"The fact is, the person I was 10 years ago would have nothing in common with the person I am today" ... Chrissie Swan.

"What is crucial is that we come to identify our shortcomings ourselves" … Chrissie Swan. Photo: Julian Kingma

I ask for advice all the time. My main sounding board is my fella, who gives great, no-nonsense and harshly concise advice that often contains an expletive. I like it that way, because more often than not in the lead-up to actually asking for said advice I've spent countless hours umming and aahing and writing lists of pros and cons. By the time I get around to asking his opinion I'm usually so confused I need a verbal smackdown.

For example, when I was making a huge decision to leave a job for another I endured most of the indecisive torment on my own. Until I'd come to an impasse. I broached the topic with him and here's how it went:

This week I have received no fewer than three pieces of unsolicited advice and, as a result, I have experienced unprecedented levels of huffiness 

"So ... what should I do?"

"You like hanging out with your kids. Take a job that makes that happen. And if it doesn't work out, then do something else. I'm going to the shed."

And so the decision was made.

I seek counsel on matters of couches, throws and rugs from my friend Jane. She's earned her stripes through her passionate hatred of orange. Anyone who feels so strongly about a colour must know all there is to know about interiors. She also multitasks as an adviser on parenting – her daughter is spirited, polite and artistic and maybe I want one just like that.

I'm constantly asking for advice and eagerly await responses from my crack team of clever friends. But what about advice that is given when you didn't ask for it?

This week I have received no fewer than three pieces of unsolicited advice and, as a result, I have experienced unprecedented levels of huffiness.

First, a no-brainer. Someone emailed me with advice on weight loss. It didn't have the subject "Lose that jelly belly NOW!" – I have a spam filter for those. It was from, I think, a nutrition student and probably made a lot of sense, had I read it all. But I didn't ask for help or advice from this person and it annoyed me. It doesn't take a genius to know I am overweight but is it anyone's right to assume I need advice on the matter, or indeed that I want to change, or am not already seeking advice elsewhere?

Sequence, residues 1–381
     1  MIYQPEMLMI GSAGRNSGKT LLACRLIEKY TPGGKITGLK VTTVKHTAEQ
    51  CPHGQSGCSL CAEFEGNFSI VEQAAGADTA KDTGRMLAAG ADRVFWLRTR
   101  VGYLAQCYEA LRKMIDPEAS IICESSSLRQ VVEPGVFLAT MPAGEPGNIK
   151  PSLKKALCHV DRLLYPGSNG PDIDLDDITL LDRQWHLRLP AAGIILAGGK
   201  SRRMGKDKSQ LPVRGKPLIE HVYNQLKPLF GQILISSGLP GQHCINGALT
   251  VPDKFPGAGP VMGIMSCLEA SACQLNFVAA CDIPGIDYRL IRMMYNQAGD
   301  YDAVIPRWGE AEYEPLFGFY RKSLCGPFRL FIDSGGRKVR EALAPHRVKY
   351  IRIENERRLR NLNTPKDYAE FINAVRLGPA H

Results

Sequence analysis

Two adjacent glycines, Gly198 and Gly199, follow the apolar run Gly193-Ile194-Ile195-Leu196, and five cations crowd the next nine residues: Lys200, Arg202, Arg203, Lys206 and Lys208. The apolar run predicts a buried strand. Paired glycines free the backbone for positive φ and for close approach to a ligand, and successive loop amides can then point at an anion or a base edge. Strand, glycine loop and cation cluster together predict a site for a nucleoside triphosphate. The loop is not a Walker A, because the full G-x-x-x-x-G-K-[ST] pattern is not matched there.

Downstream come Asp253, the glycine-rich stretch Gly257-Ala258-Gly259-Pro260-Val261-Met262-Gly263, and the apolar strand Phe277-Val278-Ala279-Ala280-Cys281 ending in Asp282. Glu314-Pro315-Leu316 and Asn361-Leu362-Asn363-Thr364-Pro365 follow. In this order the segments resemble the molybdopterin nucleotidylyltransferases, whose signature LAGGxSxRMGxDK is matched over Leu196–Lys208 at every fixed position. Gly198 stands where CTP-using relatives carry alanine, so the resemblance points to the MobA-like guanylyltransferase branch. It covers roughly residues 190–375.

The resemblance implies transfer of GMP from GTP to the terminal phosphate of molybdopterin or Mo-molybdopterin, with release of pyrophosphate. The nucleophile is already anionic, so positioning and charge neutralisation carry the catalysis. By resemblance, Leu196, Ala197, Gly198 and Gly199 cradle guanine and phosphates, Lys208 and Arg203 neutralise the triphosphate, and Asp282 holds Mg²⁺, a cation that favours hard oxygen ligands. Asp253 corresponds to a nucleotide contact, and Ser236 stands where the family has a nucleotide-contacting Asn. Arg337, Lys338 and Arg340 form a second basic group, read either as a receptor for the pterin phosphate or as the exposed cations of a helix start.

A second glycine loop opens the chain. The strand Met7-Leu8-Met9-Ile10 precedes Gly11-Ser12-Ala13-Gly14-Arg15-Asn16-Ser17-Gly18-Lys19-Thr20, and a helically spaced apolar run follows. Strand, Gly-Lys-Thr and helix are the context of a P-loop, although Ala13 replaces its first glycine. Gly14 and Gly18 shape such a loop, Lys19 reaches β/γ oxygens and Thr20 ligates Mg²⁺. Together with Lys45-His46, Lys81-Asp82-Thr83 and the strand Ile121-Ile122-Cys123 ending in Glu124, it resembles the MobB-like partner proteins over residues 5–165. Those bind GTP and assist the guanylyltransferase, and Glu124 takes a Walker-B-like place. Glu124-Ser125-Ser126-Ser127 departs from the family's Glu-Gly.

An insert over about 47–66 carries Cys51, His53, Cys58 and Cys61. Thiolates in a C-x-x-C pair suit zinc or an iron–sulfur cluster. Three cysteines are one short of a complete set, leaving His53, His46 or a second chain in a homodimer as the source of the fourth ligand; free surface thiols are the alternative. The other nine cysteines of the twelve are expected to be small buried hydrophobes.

The next day I received an email from someone instructing me on the dos and don'ts of writing a column. I thank you, by the way, and I hope I'm doing an all-right job. I love writing these pieces but I am under no illusion I am the next Proust. I have in the past solicited writing advice from people I admire, but the difference is I asked for it. The notes in the email I received were handy. But insulting. As I was reading it, all I could hear was my internal dialogue saying, "Clearly I'm bad at this and I didn't even know it."

Which brings me to the last bit of unsolicited advice I got in my inbox. This one happened yesterday. And it involved the P word. Parenting. And there is no more sensitive topic. The person who sent the email thought I'd be "interested in attending a parenting workshop". Hold on ... as a participant? Yes - as a participant, as someone who wasn't "enjoying their children as much as they should" and could work on being a "confident and calm" parent.

It's not often I talk to my iPad. Apart from the occasional "Yes!" after nabbing a set of old school lockers or a Toy Story 3 'Zurg' figurine on eBay, our relationship is generally a mute one. But on this occasion I looked at its screen, cosy in a case my mother-in-law gave me for my birthday, and said, "Oh. My. God."

Parenting workshops are a great idea and provide support and ideas for people who need them. FOR PEOPLE WHO WANT THEM OR NEED THEM. I'm not saying I'm a perfect parent, but how you raise your kids, along with every other thing you do in your life, is up to you. If we identify parts of our lives that are causing us concern, then we have the right to seek advice. What is crucial, though, is that we come to identify our problems and shortcomings ourselves, not have them brought to light by people who are making bold assumptions based on, well, nothing at all.

We can almost cope with unsolicited advice from people within our lives, but when it comes from those you've never met - who've never seen your home/what you eat/how you cope with your kids in the midst of a supermarket meltdown - then "helpful pointers" are not only ridiculous, they're hurtful. And they only fuel the insecurities that threaten to slow us down when we're all just doing the best we can.

Chrissie Swan is the co-host of Mix 101.1's breakfast show in Melbourne and 3pm Pick-Up nationally. She's also on Twitter

This article first appeared in Sunday Life.